While a member of the Bowers Gang, Belch doesn't seem nearly as psychopathic as Henry and Patrick. This is shown when Henry was trying to carve his name into Ben's stomach, with Belch being shocked by this and actually wanting him to stop. He was also shocked and disturbed when Henry attempted to kill a cat for fun until he was stopped by his father.
Despite this, Belch still helps Henry and his friends terrorize kids around the town. When Belch is bullying other kids, he uses his size and somewhat good strength as a way of intimidation. Although his and Vic's bullying is more childish and simple bullying compared to Henry and Patrick's more depraved and horrific actions.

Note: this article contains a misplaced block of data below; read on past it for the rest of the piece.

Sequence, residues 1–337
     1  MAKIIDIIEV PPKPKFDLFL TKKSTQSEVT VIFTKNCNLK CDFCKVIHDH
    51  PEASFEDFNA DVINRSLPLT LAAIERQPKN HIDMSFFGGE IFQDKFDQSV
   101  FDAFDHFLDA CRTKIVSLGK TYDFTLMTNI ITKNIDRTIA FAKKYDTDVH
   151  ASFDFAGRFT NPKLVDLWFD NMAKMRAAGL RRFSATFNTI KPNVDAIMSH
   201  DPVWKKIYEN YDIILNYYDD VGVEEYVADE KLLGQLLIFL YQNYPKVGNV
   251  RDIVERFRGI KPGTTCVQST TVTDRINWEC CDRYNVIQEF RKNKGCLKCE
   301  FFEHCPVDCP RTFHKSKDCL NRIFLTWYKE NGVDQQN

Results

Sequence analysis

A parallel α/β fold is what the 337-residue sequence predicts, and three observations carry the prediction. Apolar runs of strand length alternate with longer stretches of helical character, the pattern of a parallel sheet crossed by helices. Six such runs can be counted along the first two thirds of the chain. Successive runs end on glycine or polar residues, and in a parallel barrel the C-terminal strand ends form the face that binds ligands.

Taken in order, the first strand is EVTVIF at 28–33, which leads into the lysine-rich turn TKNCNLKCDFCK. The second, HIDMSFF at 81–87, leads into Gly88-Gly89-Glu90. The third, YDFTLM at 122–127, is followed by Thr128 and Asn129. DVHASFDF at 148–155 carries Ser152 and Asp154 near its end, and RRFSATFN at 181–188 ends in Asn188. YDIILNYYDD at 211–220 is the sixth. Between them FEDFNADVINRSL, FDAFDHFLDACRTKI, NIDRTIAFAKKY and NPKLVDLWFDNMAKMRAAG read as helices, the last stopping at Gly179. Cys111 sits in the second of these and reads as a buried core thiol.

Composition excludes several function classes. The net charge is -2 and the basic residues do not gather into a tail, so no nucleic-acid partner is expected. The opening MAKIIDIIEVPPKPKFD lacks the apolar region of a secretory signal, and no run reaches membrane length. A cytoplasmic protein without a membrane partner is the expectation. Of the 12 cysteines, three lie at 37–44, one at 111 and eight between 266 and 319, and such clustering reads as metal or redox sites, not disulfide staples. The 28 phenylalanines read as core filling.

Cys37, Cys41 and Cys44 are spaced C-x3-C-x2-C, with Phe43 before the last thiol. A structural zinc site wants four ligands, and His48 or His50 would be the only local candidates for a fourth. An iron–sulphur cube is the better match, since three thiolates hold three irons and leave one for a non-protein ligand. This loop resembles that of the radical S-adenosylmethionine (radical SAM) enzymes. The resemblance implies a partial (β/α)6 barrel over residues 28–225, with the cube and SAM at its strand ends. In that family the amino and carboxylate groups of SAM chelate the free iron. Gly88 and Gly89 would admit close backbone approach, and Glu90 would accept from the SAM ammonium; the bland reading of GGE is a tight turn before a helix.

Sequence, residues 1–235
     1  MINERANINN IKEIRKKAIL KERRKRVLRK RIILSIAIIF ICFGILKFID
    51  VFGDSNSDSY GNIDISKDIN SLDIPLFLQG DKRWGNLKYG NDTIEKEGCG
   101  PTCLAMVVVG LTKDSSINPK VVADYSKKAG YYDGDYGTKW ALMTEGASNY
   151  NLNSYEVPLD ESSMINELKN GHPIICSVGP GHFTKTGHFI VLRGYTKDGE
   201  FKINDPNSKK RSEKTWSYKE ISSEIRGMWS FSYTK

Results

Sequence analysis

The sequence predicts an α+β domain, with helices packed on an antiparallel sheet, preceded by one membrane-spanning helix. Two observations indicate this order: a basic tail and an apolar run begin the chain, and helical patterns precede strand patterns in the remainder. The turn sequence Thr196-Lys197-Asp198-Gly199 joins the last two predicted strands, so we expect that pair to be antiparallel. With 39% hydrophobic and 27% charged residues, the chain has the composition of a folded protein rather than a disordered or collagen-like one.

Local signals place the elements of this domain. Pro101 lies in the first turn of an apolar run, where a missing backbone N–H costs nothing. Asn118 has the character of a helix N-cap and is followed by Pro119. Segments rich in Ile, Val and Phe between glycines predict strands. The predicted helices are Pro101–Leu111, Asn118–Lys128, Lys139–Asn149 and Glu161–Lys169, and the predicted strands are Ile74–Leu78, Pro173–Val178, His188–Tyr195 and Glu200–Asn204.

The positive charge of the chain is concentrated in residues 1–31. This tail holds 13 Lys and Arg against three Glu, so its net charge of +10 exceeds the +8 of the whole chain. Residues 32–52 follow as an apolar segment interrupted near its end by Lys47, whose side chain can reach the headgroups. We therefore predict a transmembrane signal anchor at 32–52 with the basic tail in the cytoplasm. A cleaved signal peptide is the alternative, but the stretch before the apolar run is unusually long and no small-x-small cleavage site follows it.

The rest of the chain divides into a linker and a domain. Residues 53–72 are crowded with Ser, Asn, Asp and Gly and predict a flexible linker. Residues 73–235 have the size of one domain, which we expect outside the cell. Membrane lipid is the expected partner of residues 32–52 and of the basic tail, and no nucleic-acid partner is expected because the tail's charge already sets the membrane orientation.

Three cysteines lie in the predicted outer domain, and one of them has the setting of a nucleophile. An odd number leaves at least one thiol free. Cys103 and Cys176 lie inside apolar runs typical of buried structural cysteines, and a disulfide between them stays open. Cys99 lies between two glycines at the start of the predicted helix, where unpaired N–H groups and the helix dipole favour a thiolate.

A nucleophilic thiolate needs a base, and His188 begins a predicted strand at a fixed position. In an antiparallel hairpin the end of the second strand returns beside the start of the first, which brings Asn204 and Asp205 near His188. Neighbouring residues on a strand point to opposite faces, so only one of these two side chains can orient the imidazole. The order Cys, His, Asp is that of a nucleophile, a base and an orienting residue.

Regardless, Belch still seemed to be one of the more humane bullies amongst the Bowers Gang. In the books, it is hinted that he may have become gentler if he grew up into an adult and could have even redeemed himself.
Belch and Henry became friends in 1952, when they were six years old. He was one of his closest friends along with Victor Criss and together they would bully and beat up other students whom they disliked. He was one of the few people who Henry genuinely liked and showed and concern or fondness for (the only others being Victor Criss, Patrick Hockstetter, and, in the movie, Conner Bowers). Belch is fiercely loyal to Henry, obeying every command, desperately trying to keep him happy and even having his own opinions influenced by Henry's feelings.